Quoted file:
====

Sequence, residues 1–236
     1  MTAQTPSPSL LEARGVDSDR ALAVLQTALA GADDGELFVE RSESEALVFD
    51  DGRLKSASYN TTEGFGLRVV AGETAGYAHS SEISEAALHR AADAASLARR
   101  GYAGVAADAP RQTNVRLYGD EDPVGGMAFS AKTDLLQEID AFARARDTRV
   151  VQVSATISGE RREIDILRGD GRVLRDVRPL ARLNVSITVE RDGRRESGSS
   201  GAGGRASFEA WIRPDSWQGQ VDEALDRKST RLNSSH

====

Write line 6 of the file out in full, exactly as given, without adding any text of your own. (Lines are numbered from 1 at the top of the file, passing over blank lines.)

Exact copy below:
   201  GAGGRASFEA WIRPDSWQGQ VDEALDRKST RLNSSH